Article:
The StableBit Scanner understands how to analyze the NTFS file system, this is the standard Windows file system used on most systems, including the Windows Home Server. This error indicates that there is physical damage on a file system other that NTFS. This means that files on that partition are at risk.

The StableBit Scanner knows how to scan for damage on NTFS file systems only.

The StableBit Scanner recovery wizard is only designed to recover from file data damage as shown above. This is by far the most common type of damage that you will encounter.

However, the StableBit Scanner is designed to detect a myriad of other data damage conditions. If you are experiencing one of the other conditions, manual data recovery is recommended by a trained professional.

Attempt File Recovery

We will prompt for location to store the recovered files. Makes sure this is a safe location and not on the same disk.

By default, we attempt to recover from the bad sectors. However, you can disable this option, and it will only attempt to recover the undamaged sections of the files. If you're having issues recovering the file, disabling the "Recover bad sectors" option may be a good way to get partially recover the files.

Partially recovered files may or may not be usable. Depending on the format, it may be result in partial corruption (such as in media files) or could render the file completely useless (such as encrypted or compressed files).

NTFS compressed or encrypted files cannot be recovered with the StableBit Scanner.


First, we will attempt to recover the good sectors from the files. Once that is done, we will attempt to recover bad sectors by utilizing different head positioning profiles.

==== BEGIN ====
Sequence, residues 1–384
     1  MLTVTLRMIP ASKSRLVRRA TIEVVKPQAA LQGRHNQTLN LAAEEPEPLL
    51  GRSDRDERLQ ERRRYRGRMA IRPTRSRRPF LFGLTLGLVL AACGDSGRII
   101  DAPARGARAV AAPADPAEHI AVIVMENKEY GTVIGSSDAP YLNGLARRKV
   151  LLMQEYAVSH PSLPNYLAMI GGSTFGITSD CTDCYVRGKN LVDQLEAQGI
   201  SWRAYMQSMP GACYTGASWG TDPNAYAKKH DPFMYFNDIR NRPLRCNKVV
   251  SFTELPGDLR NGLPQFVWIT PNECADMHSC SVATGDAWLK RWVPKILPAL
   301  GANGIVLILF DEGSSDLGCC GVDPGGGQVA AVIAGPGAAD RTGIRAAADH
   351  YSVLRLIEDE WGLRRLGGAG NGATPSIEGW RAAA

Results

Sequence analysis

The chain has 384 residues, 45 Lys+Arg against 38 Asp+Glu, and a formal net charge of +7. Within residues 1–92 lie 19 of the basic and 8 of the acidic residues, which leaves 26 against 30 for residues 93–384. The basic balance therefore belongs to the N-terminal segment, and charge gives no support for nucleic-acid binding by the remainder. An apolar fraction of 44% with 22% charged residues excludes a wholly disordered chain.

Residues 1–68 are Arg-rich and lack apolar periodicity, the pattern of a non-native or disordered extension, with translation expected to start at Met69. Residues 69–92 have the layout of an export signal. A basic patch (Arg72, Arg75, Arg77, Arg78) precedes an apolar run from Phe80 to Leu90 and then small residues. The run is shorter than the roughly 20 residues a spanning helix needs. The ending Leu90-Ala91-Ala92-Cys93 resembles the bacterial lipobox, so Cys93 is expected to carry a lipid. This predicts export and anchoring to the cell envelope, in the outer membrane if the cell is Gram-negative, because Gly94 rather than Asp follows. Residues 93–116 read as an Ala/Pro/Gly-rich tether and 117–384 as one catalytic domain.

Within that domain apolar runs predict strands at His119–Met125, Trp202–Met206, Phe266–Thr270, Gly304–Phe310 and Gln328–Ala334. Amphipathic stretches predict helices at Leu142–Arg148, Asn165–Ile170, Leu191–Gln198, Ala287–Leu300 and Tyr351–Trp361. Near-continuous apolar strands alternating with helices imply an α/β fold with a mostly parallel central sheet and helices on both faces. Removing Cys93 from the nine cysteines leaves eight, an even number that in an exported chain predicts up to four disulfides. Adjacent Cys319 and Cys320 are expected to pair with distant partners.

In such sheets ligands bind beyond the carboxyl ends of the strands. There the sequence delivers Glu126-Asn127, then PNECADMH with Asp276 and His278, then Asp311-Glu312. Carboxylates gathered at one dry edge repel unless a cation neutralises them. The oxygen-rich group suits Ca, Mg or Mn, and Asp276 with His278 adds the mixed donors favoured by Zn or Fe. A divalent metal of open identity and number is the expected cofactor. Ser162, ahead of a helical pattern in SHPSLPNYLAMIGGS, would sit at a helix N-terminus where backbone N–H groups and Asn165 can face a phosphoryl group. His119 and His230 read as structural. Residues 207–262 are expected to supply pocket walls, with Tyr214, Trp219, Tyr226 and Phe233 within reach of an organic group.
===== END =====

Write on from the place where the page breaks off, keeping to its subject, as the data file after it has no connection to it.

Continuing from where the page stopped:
This step will report on whether the file was recovered successfully or not.

Possible recovery results:


    All data was recovered successfully for this file.


    Parts of the file were recovered, while other parts were not. Depending on the file type, the file may or may not work. For example, an incomplete EXE file may not run anymore. But an image, movie or song may work with some degradation in the damaged areas.


    No parts of the file could be recovered.


    File recovery has not been attempted.

File Recovery

The StableBit Scanner's file recovery system is primarily designed to save the known good parts of a file to a another undamaged location. This ensures that you can access what's left of the file without seeing read errors. In many cases such as photos, this will save much of the original content, with some degradation in the damaged parts. This is what's called a partial file recovery.

In order to attempt full file recovery, the StableBit Scanner will try reading every unreadable sector multiple times while sending the drive's head through a randomized but pre-programmed set of head positioning profiles. The hope is that if the bad sector couldn't be read initially, by approaching it form a different direction and with a different velocity it will be read one last time. One more time is all we need.

While useful on a "spinning" drive, a solid state drive has no read heads, so the head positioning profiles will not be of any benefit. However, the repeated and rapid read requests from the drive may allow it to successfully read from the damaged sector one last time.

Full file recovery will not work all the time. It is not guaranteed to work by any means. It is a last resort approach and is worth trying if everything else fails.

Some people have found it useful to cool the drive before attempting bad sector recovery in order to make the metal contract. Your results may vary.